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  • Cory Edmund Endrulat

What You Think You Know - Being Carefree & With No Standards

All practice, all change is not if, but when. We test our limits, we try new things, we attempt to create some things, but nature ever remains. There are two points of which I must contend to the freedom community, of which may at first alarm then without insight, of which would signify a limited mind without oversight. It is to one, be care free, and to two, not have strict standards. Let us examine the first.

We all will care about different things in our life, and it certainly does determine what we will create in this life; if we want to create a certain reality, we must care to do so. However, is there such a thing as caring too much? Also, is there such a thing as caring for the wrong things? Here you may see a mere example of time and place, realizing that as you emphasize love, care or morality, without context, it is love without a receiver, care without a being from whom it came, it is morality without a foundation. Now we may certainly admit to the faults of being care free, but are we to assume that it has no benefit? If having care, has both benefit and fault, the same as not having care, why are we not promoting both? Let us examine how being care free can actually help us create, in the same way we would promote care. With a mind able to freely explore the world, without worry, burden, attachment, ego or desire, it is able to see what hasn't been seen, it is able to enjoy the moment and have fun, express it's freedom and live it out to its fullest. But to what limitation, is there not always, when it comes to utilizing or practicing anything? Well, if you see a world could be helped when it's not, or when someone's ignorance contributing to their lack of care is ending up hurting someone. A mind rigid to the idea of not caring or caring, is an extreme; one may bind the freedom of the beholder, the other may bind the freedom of another. We may prefer one over the other, but that does not negate the fact we can have both, in knowing when to care and when to be carefree. What reason do we have to be so caring, if we are playing a game? Serious players actually may become disliked, and they may lessen the fun, thus the whole reason of the game. That is unless we start harming others in our lack of care to cooperate; here we see both situations may lead to harm. At some point of time, we need to release, we need to have fun, we need to be ourselves, not always cave into others or always be on the alert. Similarly, we may express the need to care for others and not just ourselves, but can we really just forget about ourselves? Emphasizing one extreme may fulfill a balance if you are in the other extreme, but it will only be temporary, until you fulfill a balance. Thus, one may best state to help others but don't forget about yourself, as an example; and is this worldview not holistic? Considering all people's, all environments? So it is.

Upon examining our first point, may it be easier to examine the second, if you see the reoccurring pattern. Having strict standards, how is it that an individual learns of this? What makes it strict? These depend. However, for an example, let us use the infamous "objective morality" as commonly touted among the “natural law community.” In light of statism, is it necessary? In light of basic morality most people have, is it necessary? In light of questioning an individual and seeing any contradiction, is it necessary? In each case, the answer is no, with enough examination. Funny enough, the objective morality spoken of, actually abides to the basic morality, yet why stand so strong on the face of objectivity? It would seem actually purposeful in light of the problems with moral relativism in ignoring the basic morality, though the problem may live more with statism and ignoring individual conscience. However, to see possibility as this and not restrict our terminology as demonstrated, is to prevent unnecessary conflict. This mere message of examples is not to create conflict, but actually to emphasize more of where consensus may be found. Hence why I offer questions and share examples, but even with this overarching truth I strive for, I can't claim that I know it all. Furthermore, every judgment and assumption of others, even of their actions, or any form of societal ego, is based in ignorance; thus standards stand in the way for greater truth. In the context of beauty or other values, it is more obvious. However, to grapple with the harder subject to challenge, morality, since there is such a great consensus around what is generally moral, let us observe the individual who does wrong. Do they think they are doing wrong? What caused them to do wrong? And most importantly, if we think they are wrong, what do we do to show them and help them do right? Without asking these questions, our judgment does us a disservice, especially as we may end up as the wrong doer without realizing it, or we may create systems which only further aggregate more wrong in the attempt to do right. Where the right turns wrong, we realize the learning does not stop, and it would be more important to be conscious and aware while developing principles, than to have strict standard where our principles cannot develop.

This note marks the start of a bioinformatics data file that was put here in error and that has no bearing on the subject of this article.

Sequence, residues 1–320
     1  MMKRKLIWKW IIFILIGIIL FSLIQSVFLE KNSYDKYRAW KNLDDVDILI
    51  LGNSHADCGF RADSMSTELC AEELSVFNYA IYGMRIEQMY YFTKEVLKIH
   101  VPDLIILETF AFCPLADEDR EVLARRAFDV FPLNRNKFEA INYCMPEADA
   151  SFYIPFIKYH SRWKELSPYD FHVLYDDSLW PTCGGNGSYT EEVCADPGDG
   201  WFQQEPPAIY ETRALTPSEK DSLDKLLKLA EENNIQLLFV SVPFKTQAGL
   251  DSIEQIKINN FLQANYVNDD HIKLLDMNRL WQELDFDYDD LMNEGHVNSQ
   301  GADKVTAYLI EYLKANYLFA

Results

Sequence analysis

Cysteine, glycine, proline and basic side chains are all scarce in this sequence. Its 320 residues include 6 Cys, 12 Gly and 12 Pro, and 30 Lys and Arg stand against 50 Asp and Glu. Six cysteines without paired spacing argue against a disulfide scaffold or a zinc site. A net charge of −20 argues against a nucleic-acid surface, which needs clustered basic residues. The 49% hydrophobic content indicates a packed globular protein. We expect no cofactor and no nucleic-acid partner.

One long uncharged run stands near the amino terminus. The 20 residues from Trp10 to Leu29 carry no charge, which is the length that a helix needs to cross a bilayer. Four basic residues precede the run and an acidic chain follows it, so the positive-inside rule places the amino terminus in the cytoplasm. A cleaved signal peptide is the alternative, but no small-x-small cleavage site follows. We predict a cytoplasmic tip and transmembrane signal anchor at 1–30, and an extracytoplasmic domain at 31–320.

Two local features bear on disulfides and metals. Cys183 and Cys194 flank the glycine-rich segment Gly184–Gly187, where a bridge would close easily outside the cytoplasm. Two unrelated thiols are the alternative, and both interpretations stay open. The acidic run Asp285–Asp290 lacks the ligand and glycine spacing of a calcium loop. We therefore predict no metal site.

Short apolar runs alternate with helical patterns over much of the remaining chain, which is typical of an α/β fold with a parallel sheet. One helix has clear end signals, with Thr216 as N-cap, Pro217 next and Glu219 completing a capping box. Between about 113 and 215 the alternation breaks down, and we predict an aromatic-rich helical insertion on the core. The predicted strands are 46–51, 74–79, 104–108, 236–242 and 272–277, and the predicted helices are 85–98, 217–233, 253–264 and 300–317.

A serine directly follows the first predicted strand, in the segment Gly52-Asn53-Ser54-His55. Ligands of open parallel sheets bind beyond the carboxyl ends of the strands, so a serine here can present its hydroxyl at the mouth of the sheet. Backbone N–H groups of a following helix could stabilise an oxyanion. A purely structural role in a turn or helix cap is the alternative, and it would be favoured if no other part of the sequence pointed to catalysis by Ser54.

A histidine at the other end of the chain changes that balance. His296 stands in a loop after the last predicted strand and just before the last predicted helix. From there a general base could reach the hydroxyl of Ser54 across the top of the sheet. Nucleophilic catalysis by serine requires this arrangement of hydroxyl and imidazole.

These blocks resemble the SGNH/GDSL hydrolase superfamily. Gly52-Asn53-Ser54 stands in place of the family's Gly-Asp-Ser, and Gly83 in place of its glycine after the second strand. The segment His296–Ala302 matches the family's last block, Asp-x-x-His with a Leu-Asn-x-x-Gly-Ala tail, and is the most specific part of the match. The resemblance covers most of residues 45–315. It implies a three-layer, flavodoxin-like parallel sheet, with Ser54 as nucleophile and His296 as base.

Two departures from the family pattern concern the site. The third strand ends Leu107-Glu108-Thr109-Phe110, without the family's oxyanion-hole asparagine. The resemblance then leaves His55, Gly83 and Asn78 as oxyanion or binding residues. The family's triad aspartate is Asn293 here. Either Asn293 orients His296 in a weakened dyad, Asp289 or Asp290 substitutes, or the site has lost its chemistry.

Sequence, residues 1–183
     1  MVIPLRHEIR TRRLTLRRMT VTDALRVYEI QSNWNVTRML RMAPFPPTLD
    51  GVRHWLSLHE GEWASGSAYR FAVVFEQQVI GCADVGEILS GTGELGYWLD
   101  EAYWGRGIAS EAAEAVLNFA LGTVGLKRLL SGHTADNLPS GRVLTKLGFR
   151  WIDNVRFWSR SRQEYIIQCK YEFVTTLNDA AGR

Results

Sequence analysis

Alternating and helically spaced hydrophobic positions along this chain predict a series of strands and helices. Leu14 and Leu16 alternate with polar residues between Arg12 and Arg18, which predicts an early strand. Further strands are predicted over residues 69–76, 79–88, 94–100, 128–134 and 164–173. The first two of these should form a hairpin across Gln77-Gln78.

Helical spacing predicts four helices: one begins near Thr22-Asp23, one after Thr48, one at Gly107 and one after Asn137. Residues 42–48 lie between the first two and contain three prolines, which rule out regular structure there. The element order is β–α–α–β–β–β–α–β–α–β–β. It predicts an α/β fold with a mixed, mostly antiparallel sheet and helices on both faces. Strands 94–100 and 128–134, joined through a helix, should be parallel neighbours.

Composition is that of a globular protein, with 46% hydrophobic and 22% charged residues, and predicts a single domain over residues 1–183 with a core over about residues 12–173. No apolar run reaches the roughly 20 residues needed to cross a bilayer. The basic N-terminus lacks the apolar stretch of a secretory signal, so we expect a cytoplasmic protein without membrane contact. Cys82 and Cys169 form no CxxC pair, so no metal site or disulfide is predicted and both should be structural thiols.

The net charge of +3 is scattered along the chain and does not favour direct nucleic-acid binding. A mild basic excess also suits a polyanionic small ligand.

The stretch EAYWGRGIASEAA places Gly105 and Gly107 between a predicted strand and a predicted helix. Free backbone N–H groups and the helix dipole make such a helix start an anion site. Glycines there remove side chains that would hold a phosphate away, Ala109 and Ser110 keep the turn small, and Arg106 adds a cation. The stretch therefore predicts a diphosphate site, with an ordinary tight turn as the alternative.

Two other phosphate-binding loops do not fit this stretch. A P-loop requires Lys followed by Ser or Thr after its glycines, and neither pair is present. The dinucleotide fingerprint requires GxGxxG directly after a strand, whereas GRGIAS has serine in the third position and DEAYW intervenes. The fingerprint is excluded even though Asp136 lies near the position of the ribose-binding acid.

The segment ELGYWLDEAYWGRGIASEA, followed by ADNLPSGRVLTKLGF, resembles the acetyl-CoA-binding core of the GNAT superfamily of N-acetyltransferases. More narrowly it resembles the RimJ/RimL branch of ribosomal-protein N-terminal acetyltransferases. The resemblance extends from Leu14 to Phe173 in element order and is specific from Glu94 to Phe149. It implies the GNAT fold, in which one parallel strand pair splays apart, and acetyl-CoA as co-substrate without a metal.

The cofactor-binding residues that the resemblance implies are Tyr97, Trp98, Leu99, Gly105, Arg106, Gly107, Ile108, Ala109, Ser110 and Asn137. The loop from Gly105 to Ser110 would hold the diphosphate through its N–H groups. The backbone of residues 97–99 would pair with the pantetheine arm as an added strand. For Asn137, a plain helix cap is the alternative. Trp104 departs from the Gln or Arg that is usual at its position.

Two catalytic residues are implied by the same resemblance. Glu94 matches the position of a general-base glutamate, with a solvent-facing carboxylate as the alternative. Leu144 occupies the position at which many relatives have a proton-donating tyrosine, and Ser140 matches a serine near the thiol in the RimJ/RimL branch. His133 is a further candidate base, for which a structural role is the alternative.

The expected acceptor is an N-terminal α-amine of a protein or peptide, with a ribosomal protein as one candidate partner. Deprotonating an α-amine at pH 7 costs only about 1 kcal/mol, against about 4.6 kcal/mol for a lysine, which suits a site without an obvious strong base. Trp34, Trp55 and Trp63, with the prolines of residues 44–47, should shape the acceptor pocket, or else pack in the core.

As life is change, and in our lives we must practice, let us know not just why or how we change, but when, just as every thought is a question and everything exists for a reason. Let us see it, if we are real philosophers, if we are real truth seekers; but who am I to say? I am among you, so the real I speak of, is the nature that is beyond and among us both.


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